A gorgeous cycle ride away, 2.5 miles (4km) north of Uppsala town center, is the fascinating archaeological site of Gamla Uppsala, once a flourishing 6th-century religious center where, allegedly, human sacrifices were made. It’s one of Sweden’s largest and most important ancient burial sites, containing 300 mounds from the 6th to 12th centuries. You can learn more in the adjoining Gamla Uppsala Museum, or wander on your own; there are informative plaques throughout the site.
If you feel like a stroll or a bicycle ride, Eriksleden is a 6km "‘pilgrims path" between the cathedral in Uppsala and the church in Gamla Uppsala. Its namesake, Erik the Holy, was king of Sweden from around 1150 until the Danes beheaded him 10 years later. The story is that his head rolled down the hill, and where it stopped a spring came up. The main trail also provides access to a ridged wilderness hiking area called Tunåsen, with a panoramic viewpoint (follow signs along Eriksleden just south of Gamla Uppsala to "utsiktsleden").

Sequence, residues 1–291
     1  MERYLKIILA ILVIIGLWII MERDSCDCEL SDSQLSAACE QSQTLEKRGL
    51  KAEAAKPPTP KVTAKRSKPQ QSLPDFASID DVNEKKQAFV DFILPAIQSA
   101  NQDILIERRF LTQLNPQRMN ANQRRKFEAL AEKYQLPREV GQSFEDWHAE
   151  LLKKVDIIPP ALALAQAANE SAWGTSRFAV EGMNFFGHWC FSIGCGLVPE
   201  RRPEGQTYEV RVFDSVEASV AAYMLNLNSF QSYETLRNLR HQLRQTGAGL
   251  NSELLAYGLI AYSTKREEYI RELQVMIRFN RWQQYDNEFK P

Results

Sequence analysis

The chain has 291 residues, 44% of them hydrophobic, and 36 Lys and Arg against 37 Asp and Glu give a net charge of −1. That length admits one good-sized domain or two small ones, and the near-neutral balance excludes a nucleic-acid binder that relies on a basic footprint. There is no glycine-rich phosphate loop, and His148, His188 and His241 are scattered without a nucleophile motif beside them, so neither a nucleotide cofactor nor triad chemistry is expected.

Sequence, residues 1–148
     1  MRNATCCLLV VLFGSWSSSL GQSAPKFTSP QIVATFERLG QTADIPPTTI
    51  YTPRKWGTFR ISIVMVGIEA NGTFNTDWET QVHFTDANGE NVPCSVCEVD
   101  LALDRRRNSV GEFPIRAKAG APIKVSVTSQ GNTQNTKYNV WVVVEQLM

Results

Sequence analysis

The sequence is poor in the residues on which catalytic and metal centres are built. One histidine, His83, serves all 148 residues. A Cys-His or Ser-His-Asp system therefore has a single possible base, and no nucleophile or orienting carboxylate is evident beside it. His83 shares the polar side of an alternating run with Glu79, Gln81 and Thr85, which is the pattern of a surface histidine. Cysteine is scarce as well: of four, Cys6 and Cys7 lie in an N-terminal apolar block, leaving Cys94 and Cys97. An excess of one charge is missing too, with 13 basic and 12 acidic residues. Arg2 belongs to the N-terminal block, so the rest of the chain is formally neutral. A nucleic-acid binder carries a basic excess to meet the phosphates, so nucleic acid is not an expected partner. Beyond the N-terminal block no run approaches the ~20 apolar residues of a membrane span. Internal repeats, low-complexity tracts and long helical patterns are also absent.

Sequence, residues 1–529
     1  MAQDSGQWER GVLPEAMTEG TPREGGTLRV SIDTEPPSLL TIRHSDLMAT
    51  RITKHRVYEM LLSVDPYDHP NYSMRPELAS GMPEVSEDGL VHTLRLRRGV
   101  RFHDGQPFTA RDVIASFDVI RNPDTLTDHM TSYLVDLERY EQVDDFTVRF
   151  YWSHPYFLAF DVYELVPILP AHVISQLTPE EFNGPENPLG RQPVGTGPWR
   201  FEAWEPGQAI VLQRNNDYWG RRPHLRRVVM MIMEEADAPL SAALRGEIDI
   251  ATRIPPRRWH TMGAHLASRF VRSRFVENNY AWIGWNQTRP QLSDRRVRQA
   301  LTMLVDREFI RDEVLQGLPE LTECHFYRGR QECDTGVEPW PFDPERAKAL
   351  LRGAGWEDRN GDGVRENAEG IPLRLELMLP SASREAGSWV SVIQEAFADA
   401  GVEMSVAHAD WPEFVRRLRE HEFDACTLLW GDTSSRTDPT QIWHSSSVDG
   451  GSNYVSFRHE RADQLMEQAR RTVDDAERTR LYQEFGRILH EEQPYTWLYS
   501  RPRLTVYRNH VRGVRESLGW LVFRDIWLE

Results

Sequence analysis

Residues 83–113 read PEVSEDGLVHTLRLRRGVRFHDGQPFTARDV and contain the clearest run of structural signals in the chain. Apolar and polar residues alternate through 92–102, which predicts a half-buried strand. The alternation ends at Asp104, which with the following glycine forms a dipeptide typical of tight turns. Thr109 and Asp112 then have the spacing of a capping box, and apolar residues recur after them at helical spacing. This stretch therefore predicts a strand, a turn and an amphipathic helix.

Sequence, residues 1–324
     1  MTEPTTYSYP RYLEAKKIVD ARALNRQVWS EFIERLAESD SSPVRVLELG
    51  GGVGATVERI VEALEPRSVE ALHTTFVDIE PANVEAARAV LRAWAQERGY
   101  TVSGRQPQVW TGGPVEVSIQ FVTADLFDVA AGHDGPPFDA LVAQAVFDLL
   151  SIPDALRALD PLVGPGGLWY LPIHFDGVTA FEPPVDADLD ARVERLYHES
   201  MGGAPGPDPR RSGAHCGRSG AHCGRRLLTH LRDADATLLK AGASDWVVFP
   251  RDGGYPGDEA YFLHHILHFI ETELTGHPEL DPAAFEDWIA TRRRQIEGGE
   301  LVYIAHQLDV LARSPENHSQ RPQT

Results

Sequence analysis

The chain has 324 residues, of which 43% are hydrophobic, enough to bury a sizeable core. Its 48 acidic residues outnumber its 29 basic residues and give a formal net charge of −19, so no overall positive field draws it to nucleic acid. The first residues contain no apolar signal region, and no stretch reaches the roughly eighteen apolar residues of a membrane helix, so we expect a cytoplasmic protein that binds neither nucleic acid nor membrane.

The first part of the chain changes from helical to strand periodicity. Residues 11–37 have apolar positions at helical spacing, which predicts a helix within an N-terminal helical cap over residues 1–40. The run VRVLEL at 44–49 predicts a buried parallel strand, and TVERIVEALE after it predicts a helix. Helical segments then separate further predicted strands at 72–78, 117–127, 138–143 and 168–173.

How to get to Uppsala: SL commuter trains run frequently (every 30 minutes or more) from Stockholm’s Central Station and City Station to Uppsala’s central station in about 40 minutes to an hour. Bus 801 goes frequently from Stockholm Cityterminalen to Uppsala central station via Arlanda Airport in about 45 minutes. Buses for Gamla Uppsala leave from Stora Torget in central Uppsala.
Why go?: Explore the splendors of a royal palace